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Friday, November 20, 2015

To read... or not to read?

It's no secret that I love books. My mom loves books. My dad loves books. My brother and my sisters love books. Our living room in our many houses growing up was always easily identifiable as the one mom and dad set up all the bookshelves in. So it's no surprise that my parents have a family subscription to Audible, and that they have an extensive library. And lucky for me, I get to use it!

But my Audible obsession hit an unfortunate peak recently. 

I got to the point that if I were doing anything that didn't involve reading or listening, I felt I needed those headphones in. Showers annoyed me. Having to reply to a friend's text annoyed me. Even my husband's conversation would annoy me! So I've been on a little break for the past week, and instead of having gone through an audio book and a half in that time, I'm not even halfway done with a paper book. Actually having to hold the book and not being able to multitask makes the going so slow!! But also I'm really not liking the story at all, which doesn't make for motivated reading. However, its lack of inspiration inspired me to write a bit about a few of the myriad books I've sunk my teeth into lately, and let you know that you should read them... or stay far away.

Gone with the Wind 
by Margaret Mitchell

Not gonna lie, I hesitated to begin this one. The audio book being 50 hours long is turnoff enough, but add to that a memory of thoroughly disliking the movie when I saw it ages ago, and it took some convincing to start this one up. But over the summer both my mom and little sis Maria were very insistent that I give it a try, so I took their word for it. Three hours in I was bored and uninspired, but Bia reassured me it would pick up, so I kept plugging away. Soon enough I was hooked. Who knew a book with not one character I actually, truly liked could invoke so much interest and emotion?? I honestly didn't want the 50 hours to come to an end, and that's saying a lot. Definitely a classic worth picking up if you've never read it. And let's be honest, you probably haven't.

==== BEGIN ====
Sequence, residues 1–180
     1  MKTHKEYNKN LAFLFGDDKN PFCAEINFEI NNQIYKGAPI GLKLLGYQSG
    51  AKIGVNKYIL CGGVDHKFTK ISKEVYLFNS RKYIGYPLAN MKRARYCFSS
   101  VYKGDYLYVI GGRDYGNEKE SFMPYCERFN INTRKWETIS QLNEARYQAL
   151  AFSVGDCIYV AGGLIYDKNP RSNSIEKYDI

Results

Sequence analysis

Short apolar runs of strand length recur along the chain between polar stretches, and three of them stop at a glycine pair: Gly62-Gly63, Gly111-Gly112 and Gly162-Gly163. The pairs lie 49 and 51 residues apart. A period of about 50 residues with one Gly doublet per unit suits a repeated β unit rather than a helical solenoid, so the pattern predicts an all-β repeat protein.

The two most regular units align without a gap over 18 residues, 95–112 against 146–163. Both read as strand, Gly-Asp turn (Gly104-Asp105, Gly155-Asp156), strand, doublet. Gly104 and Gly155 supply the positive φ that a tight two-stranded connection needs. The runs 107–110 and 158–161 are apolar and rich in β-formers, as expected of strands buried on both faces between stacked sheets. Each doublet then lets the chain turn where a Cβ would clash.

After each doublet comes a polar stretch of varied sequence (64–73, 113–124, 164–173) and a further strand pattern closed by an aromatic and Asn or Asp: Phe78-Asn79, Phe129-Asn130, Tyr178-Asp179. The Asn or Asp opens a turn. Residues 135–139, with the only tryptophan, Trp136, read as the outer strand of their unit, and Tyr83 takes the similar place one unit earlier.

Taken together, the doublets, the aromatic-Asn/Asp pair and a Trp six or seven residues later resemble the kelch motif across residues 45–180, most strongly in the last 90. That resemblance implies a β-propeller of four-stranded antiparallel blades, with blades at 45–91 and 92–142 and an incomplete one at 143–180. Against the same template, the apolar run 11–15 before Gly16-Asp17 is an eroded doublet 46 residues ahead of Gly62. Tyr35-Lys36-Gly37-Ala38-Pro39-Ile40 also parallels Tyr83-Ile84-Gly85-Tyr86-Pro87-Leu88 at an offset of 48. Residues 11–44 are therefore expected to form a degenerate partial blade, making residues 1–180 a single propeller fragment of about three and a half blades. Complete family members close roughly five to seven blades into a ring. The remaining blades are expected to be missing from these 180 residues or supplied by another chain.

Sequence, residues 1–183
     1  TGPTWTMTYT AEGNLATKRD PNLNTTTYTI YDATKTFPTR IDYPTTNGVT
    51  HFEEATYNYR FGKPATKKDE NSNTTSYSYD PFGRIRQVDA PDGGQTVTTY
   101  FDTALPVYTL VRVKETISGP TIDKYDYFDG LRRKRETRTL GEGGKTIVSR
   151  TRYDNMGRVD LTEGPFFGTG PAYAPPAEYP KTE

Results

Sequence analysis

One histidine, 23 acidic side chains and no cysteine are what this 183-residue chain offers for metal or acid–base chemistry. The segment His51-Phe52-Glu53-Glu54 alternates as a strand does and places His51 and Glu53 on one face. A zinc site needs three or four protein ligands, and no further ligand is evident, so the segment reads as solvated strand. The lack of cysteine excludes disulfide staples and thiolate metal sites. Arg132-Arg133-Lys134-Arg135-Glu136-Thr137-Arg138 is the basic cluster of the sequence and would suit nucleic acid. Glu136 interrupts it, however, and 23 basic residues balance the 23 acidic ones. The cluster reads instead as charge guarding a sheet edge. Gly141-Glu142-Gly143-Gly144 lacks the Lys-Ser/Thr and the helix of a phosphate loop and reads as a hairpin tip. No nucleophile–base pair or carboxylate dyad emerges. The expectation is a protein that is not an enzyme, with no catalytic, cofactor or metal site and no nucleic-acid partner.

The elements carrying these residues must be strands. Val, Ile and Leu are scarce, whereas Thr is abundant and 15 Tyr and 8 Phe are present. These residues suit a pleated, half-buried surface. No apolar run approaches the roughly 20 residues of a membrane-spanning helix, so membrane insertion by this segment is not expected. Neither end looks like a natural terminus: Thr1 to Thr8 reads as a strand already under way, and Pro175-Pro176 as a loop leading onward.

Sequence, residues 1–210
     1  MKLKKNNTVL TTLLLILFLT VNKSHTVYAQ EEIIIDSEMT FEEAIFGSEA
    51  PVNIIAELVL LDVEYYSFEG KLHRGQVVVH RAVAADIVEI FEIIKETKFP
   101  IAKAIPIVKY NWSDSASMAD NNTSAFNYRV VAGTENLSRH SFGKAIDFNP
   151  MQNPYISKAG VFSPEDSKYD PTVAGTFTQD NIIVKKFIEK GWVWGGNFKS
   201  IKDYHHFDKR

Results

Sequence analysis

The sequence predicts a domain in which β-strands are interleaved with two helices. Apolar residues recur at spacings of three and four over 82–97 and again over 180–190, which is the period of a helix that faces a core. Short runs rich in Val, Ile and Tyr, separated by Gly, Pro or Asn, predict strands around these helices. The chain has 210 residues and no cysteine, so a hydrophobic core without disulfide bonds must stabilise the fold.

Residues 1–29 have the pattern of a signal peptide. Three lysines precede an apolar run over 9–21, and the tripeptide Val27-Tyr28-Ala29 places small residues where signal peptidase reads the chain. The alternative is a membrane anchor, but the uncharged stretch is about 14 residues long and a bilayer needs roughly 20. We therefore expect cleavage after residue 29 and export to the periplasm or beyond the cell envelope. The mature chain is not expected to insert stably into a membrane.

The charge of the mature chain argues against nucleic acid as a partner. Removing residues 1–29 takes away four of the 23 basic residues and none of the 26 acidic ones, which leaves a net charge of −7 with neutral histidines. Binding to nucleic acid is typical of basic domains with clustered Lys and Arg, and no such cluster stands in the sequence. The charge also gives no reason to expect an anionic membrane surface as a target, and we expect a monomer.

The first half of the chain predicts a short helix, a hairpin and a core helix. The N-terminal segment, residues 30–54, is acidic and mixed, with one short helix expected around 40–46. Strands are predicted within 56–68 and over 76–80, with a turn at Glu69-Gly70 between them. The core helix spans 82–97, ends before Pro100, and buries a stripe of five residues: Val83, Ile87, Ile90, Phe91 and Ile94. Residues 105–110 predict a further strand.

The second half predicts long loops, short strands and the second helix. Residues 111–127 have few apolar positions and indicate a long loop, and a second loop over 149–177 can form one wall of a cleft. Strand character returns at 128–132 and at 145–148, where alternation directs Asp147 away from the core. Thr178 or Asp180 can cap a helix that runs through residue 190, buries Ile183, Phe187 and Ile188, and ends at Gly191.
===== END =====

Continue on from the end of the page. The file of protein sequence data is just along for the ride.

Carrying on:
Crime and Punishment 
by Fyodor Dostoyevsky

Having parents who are ardent admirers of great literature (and a father who now routinely teaches a Russian literature class to my younger siblings and friends), I grew up hearing the titles and authors of the Russian Greats tossed around in conversation frequently. The images invoked by this particular title always conjured up grandiose scenery peopled by royalty and aristocrats, so by the time I got to the second sentence I was already experiencing something of a let down. However, the story was gripping, despite being slightly tediously preachy at times, and it is one that will stick with me. It's definitely worth picking up, if for nothing else than an interesting introduction to Russian lit. In the past year I've been delving more into Russian literatureAnna Karenina and Dostoyevsky's The Idiot last winter, recently Turgenev's Fathers and Sons and now Dostoyevsky again— and have discovered that in its essence lies not in its stories but in its particular approach to storytelling as well as its timeless characters. Its charm is still rather mysterious to me, but I certainly have enjoyed what tastes I've had thus far. My dad is pushing for War and Peace next... we'll see when I can work up the courage to tackle that!